The result, he said, is “interesting” because it “means that they not only used views from the bottom of the basin for the mountains, but they were also able to build an observatory at the top.” mountains have the same arrangement that they received from the bottom.
The study offers a compelling vision of terrain-based timing, but not all researchers agree with its conclusions. Ivan Sprajc, an expert in Mesoamerican archaeology at the Slovenian Academy of Arts and Sciences, points to earlier research that indicated that these eastern mountains were used for specific dating, which makes The team’s findings are “not novel” in his opinion.
He added that the available evidence strongly suggests that the Aztecs and their predecessors never developed a correction system incorporating leap years.
Dr Sprajc said: “My general opinion about this study is that it is not based on convincing evidence and simply ignores a large amount of previous systematic research on ant arrangement. architecture of Central Americans”.
Not all experts are so harsh. Anthony Aveni, professor emeritus of astronomy, anthropology, and Native American studies at Colgate University in Hamilton, NY, called the new work “a solid, well-documented contribution for Mesoamerican astronomy.”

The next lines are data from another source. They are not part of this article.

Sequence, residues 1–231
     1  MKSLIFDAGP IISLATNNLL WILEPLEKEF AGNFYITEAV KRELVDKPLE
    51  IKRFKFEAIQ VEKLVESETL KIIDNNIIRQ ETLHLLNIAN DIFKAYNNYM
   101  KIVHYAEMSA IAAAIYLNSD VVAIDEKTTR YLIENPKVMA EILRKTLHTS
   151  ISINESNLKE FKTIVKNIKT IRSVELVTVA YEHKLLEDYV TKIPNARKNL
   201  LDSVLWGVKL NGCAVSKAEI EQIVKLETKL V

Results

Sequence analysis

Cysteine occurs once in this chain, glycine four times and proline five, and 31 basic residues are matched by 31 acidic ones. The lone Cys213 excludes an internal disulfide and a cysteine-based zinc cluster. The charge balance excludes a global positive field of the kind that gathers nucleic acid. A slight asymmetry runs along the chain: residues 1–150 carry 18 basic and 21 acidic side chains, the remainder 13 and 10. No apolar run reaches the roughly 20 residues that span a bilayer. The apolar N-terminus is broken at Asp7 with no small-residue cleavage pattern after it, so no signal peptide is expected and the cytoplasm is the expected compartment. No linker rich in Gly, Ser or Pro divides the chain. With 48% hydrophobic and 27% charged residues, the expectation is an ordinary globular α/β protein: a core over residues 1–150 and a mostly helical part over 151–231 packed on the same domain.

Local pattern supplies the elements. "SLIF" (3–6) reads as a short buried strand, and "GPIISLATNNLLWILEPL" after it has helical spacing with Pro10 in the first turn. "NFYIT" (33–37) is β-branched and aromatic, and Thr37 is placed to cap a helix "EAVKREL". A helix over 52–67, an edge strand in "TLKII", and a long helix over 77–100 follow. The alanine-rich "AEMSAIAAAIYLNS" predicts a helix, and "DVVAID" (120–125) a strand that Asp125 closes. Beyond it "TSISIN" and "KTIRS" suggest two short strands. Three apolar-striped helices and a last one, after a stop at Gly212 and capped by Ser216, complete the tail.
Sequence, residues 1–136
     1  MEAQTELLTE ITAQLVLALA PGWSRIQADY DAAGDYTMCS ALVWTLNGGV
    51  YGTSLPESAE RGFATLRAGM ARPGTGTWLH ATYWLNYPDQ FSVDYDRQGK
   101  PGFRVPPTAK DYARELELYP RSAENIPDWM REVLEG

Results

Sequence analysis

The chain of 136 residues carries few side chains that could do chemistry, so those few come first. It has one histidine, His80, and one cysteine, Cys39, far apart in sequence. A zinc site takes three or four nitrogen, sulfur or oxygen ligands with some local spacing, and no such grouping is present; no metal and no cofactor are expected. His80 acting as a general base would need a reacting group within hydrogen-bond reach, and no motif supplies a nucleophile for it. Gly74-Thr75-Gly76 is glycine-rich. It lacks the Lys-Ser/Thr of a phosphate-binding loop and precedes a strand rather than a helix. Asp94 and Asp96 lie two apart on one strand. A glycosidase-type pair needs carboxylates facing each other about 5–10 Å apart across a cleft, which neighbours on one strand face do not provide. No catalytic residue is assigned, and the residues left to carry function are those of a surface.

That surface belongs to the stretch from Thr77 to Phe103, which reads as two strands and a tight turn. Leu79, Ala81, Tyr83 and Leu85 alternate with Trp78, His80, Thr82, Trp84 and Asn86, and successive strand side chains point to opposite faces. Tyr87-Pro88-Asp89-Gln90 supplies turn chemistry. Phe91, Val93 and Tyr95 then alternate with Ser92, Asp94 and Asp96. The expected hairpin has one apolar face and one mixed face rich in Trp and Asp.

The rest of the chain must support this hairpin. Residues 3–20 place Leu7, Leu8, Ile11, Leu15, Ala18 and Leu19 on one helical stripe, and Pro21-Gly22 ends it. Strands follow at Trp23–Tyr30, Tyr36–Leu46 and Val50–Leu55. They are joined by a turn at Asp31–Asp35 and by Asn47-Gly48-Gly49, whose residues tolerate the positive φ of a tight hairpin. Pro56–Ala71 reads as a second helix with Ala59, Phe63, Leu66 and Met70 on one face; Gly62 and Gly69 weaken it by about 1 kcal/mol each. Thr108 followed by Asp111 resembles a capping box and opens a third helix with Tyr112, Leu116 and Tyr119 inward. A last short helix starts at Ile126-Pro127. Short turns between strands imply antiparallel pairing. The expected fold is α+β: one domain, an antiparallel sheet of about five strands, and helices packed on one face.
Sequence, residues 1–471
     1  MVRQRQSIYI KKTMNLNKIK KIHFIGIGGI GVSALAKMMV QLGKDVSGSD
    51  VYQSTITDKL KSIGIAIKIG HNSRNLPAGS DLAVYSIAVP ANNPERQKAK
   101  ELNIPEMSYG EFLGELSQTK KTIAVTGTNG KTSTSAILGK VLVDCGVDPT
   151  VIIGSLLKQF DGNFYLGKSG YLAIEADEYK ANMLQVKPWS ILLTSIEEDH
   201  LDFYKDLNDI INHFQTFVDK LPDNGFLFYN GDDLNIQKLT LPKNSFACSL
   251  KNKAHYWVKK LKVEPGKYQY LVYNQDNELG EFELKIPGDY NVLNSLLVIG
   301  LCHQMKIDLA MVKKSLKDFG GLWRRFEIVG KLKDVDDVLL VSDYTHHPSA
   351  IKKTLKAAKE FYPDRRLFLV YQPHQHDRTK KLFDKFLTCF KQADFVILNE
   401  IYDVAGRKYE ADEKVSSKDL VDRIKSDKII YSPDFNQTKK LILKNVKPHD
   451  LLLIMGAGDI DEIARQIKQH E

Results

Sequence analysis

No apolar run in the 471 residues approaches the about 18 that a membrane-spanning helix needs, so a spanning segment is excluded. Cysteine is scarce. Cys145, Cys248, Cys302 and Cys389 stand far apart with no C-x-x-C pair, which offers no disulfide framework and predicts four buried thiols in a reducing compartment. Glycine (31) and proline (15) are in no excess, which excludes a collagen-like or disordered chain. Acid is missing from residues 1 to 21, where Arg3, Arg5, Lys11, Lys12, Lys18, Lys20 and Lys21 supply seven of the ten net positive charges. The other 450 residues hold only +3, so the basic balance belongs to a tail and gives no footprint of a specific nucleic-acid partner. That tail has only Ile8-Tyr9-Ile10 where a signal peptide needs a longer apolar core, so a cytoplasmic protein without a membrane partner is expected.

Dr Aveni said: “The directional alignment of the eastern horizon features in the Mexico Valley, also related to Cerro Tlaloc, was well documented during the Aztec period and here we have the evidence. It is clear that these kinds of practices were in effect much earlier.” , who reviewed the study for the journal that published it.
For his part, Dr Ezcurra said he had expected objections from experts, given his unique expertise on the subject. However, he hopes the new study will raise awareness of the natural wonders and rich heritage in the Basin of Mexico, where skywatchers have looked to the rising sun for centuries to navigate. in space and time.
Dr Ezcurra said: “The mountains of the basin are ‘telling us stories of past cultural evolution that have been lost’.